UNH RECENTLY RECEIVED a three-year $1.3 million “ADVANCE” grant from the National Science Foundation (NSF) to support the advancement and leadership of women faculty in the science, technology, engineering, and mathematics (STEM) disciplines. The grant makes UNH part of a larger national effort to transform institutions of higher education in areas where women are traditionally underrepresented. The proposal submitted to NSF was a collaborative effort led by President Mark Huddleston and included EOS interim director Janet Campbell, a co-principal investigator on the proposal, and CSRC’s Ruth Varner, now ADVANCE program director for UNH.

IN MID-OCTOBER scientists and engineers from the SSC celebrated the first major results from the Interstellar Boundary Explorer (IBEX) mission, which launched in October 2008 and carries onboard two ultra-high sensitivity cameras containing important components designed and built at UNH.

From a highly elliptical Earth orbit the IBEX satellite is exploring the outer solar system using unique energetic neutral atom imaging (instead of photons of light) to create maps of the boundary between our solar system and the rest of our galaxy. The first IBEX sky maps and scientific results, which feature an unexpected narrow bright “ribbon” in the sky and the flow of interstellar hydrogen, helium, and oxygen through our solar system, have been published in five papers in Science. Says mission co-investigator and lead UNH scientist Eberhard Möbius, “Today, with IBEX, about 50 years after the beginning of the space age, humankind is able to ‘stick its head out’ of our heliosphere, get an idea what our galactic neighborhood is like, and see how it shapes the protective bubble that surrounds us.” Möbius notes that the mission's success would not be possible without the efforts of UNH/IBEX scientists, engineers, support staff, and students too numerous to name.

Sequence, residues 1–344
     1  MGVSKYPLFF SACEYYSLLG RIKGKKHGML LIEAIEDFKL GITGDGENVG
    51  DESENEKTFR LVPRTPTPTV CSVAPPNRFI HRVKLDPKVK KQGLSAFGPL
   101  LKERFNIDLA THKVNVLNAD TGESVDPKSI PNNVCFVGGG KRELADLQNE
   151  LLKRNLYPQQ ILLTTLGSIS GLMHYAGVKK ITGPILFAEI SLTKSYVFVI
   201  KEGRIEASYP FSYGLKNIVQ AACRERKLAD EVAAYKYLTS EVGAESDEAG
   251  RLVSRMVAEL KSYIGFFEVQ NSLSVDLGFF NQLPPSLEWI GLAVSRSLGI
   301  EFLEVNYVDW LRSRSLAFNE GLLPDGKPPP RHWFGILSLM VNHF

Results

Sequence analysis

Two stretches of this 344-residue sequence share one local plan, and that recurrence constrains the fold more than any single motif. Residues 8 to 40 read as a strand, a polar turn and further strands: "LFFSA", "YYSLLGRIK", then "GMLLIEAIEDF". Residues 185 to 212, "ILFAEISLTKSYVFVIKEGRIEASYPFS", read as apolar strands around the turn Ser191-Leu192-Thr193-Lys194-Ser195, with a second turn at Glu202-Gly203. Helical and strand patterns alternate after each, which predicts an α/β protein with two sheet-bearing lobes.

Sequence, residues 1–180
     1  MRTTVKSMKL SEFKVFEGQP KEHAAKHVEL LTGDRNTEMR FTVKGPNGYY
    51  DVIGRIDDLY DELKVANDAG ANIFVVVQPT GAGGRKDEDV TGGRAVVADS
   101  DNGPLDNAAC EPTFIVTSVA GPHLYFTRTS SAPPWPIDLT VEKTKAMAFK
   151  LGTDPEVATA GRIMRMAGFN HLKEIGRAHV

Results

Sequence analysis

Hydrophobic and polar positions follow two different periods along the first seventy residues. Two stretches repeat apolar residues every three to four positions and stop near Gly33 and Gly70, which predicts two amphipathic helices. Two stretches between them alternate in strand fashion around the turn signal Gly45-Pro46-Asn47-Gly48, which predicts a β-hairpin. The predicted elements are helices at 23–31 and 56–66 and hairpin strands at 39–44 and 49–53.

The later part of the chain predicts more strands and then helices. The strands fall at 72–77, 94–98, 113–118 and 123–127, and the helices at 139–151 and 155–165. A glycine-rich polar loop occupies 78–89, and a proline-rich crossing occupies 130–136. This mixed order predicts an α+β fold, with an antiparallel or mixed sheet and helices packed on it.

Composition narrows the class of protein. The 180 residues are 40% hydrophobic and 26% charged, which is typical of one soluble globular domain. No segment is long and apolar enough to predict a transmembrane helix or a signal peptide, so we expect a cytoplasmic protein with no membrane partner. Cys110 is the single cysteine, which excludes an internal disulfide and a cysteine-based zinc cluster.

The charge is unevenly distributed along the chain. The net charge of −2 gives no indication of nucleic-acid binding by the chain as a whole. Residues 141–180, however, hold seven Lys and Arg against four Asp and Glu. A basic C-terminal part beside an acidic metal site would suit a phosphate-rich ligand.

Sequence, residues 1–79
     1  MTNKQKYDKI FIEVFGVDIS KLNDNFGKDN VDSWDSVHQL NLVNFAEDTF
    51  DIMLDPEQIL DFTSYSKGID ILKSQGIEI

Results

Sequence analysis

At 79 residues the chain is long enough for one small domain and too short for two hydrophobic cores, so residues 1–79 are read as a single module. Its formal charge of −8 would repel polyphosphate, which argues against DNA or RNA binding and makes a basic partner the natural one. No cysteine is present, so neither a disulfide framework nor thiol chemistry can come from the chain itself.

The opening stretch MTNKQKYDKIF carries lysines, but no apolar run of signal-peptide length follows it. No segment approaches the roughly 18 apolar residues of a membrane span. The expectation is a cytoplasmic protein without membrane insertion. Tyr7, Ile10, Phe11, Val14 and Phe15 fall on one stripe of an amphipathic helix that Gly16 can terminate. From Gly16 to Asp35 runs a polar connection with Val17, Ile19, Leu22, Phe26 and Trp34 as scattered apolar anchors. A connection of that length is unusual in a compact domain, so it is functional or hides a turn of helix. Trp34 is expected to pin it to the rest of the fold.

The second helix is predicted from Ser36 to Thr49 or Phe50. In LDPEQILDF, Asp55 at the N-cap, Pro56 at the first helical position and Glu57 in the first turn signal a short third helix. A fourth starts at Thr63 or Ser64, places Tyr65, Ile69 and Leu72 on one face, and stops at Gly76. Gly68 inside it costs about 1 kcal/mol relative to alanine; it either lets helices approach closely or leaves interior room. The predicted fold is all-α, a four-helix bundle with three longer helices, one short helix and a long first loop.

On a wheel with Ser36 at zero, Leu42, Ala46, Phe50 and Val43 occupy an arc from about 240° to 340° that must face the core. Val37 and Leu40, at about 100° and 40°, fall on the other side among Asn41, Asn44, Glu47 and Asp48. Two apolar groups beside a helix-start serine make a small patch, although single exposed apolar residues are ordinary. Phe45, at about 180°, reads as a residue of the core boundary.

IBEX poster

 

 

IBEX Orbit

Mark McConnell of the SSC received funding of $150K to support studies with NASA's Fermi Gamma Ray Space Telescope.

CSRC’s Erik Hobbie was elected as a member-at-large to the board of the Association of Ecosystem Research Centers at their annual meeting in September. The meeting focused on briefing policymakers on Capitol Hill about the effects of climate change on urban ecosystems. EOS is a member of the AERC.

THE STEREO team at the SSC hosted the 20th STEREO Science Working Group meeting in Meredith, NH in late October. Some 50 attendees from various states as well as foreign attendees from France, Germany, and Ireland took part. Presentations were given by EOS members Toni Galvin, Kristin Simunac, Mark Popecki, Yong Liu, Charles Farrugia and graduate student Joshua Barry. The group took an excursion to the McAuliffe-Shepard Discovery Center in Concord, which serves as an education and public outreach (EPO) partner to STEREO. The local organizing committee consisted of Galvin, Simunac, and SSC administrative manager Christine Williams.